SimQuest is a free authoring system developed by University of Twente for designing and creating simulation-based learning environments. It is particularly suitable for designing dynamic and interactive guided discovery learning environments.
Note: There is also a commercial SimQuest system for BioMedical Simulation. Not the same thing !!
Authoring with SimQuest
This is provisional cut/past from the SimQuest web pages ....
Authoring in SimQuest basically consists of selecting elements from a library (left window) and dragging them to an application (right window).
The SimQuest library consists of elements that can be part of a SimQuest learning environment (simulations models, assignments, explanations etc.). There are composite elements (that may contain other elements themselves, such as for example 'new interface'), and specific elements. Authors can explore the library by opening and closing folders.
An application in SimQuest exists of a mathematical model that is used to calculate the values of the simulation. Secondly it exists of an interface, that is used to make it possible for the learners to interact with the model. And third, support in the form of feedback can be added to help learners in exploring the domain.
The learner interface allows to interact with the model, i.e. to change values by moving a slider, clicking a radio button, setting a dial, etc.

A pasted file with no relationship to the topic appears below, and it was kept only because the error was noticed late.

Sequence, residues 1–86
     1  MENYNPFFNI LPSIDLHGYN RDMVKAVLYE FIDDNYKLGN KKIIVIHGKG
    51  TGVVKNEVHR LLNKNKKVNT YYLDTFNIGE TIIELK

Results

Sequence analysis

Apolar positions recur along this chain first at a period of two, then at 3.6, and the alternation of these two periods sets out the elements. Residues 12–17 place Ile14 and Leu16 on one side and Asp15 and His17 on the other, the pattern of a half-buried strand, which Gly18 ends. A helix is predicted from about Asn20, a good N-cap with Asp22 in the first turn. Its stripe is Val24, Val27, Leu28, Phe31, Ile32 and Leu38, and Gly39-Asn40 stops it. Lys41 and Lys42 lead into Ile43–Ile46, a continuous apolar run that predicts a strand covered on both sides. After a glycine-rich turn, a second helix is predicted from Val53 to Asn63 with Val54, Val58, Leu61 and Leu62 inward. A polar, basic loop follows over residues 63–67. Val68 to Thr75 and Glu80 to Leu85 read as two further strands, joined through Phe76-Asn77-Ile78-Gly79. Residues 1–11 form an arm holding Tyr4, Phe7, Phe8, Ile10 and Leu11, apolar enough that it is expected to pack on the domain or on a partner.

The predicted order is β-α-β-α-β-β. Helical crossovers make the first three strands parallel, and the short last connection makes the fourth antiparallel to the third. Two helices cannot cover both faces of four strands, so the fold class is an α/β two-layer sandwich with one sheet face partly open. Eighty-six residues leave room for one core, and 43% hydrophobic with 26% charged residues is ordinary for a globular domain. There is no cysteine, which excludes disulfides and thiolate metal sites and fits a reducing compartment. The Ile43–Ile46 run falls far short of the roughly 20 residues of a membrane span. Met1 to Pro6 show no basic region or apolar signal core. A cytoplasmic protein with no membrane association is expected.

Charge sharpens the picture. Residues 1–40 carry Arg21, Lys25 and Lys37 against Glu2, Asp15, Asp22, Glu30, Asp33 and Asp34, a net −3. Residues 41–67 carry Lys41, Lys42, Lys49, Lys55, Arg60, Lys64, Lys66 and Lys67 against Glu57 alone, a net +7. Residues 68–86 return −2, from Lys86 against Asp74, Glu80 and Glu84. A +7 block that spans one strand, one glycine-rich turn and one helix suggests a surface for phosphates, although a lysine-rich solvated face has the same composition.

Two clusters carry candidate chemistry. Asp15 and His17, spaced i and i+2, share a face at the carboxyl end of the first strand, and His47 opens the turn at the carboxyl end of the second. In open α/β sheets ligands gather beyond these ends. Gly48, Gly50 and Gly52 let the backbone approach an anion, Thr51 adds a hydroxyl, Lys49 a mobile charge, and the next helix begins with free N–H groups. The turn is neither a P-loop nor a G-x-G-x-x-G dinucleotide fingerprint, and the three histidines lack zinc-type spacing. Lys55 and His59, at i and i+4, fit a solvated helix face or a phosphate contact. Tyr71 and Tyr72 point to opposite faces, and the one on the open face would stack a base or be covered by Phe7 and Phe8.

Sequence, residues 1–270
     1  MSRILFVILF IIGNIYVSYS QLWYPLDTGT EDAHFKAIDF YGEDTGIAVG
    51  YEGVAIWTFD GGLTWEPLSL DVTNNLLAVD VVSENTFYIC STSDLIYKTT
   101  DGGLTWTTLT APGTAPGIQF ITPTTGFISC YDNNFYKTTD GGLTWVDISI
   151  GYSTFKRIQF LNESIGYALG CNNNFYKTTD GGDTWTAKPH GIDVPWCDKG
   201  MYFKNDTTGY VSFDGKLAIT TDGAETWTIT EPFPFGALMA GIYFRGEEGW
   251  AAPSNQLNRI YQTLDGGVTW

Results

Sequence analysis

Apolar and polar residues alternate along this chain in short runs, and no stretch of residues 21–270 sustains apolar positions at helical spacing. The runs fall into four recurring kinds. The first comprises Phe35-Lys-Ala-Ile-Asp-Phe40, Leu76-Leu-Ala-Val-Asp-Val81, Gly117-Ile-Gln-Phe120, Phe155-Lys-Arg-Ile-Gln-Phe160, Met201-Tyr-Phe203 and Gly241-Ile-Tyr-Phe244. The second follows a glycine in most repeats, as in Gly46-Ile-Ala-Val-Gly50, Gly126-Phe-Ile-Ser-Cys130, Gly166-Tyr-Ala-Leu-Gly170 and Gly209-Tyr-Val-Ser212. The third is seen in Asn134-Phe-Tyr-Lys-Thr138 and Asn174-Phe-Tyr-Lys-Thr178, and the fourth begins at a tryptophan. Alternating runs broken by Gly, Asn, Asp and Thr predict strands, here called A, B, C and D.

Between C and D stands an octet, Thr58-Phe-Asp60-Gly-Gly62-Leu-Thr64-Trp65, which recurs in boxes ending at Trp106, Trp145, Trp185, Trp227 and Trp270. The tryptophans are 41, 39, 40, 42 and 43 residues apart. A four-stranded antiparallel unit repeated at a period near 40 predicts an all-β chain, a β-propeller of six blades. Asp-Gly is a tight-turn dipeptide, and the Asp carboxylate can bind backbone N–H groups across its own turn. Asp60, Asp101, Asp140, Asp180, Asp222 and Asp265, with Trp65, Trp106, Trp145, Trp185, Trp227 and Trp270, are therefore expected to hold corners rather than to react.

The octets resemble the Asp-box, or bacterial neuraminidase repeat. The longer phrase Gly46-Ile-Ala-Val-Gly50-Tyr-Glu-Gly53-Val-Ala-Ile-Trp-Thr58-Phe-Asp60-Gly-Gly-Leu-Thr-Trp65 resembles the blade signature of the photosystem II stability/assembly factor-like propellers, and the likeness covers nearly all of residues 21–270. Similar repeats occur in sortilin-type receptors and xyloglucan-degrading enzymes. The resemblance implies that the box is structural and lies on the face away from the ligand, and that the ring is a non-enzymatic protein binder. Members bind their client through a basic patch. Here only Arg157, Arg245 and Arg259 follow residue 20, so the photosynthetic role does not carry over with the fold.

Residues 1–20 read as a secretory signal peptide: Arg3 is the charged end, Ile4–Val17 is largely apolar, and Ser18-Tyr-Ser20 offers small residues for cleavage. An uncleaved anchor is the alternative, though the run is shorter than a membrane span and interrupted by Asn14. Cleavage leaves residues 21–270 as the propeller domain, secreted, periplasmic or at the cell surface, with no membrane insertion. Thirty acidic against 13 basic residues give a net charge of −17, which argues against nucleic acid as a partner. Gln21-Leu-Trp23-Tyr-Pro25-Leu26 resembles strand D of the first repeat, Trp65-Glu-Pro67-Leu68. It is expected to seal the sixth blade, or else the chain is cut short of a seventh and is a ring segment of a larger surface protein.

The interface then shows how the model behaves. The model behaviour can be visualized by using graphs, dials thermometers, etc. This interface is taken from the Motion application.
Finally, the system allows to define assignments (i.e. exercises which support learners in exploring the domain) and explanations that provide learners with information to explain or illustrate something, or to give appropriate feedback.
The Balance example
Many SimQuest models have been built and most are available for download. E.g “Balance” is a SimQuest simulation on the physics topic of moments. Students can change the two forces acting on the persons (F) and the distances to the center of the seesaw (a) and discover the effect on the moment (M). Support is offered in the form of an assignment that asks students to explore the balance of the seesaw. Another available cognitive tool is a hypothesis scratchpad that lets students build expressions from variables (e.g., force F1, distance a1, and moment M1) and relations (e.g., increases) to create testable hypotheses (e.g., if F1 increases, then M1 increases). (Balance, retrieved 17:34, 30 June 2007 (MEST))
SimQuest Home Page. Includes download links for this free software, simulations, help, research papers, etc. (registration required).
de Jong, Ton (2006) Computer Simulations: Technological Advances in Inquiry Learning, Science 28 April 2006 312: 532-533 DOI: 10.1126/science.1127750
- Van Joolingen, W.R.; King, S. and Jong de, T. (1997) The SimQuest authoring system for simulation-based discovery learning. In: B. du Boulay & R. Mizoguchi (Eds.), Artificial intelligence and education: Knowledge and media in learning systems. IOS Press, Amsterdam, pp. 79-86. PDF
- Van Joolingen, W. R., & De Jong, T. (2003). Simquest: Authoring educational simulations. In T. Murray, S. Blessing & S. Ainsworth (Eds.), Authoring tools for advanced technology educational software: Toward cost-effective production of adaptive, interactive, and intelligent educational software (pp. 1-31). Dordrecht: Kluwer Academic Publishers.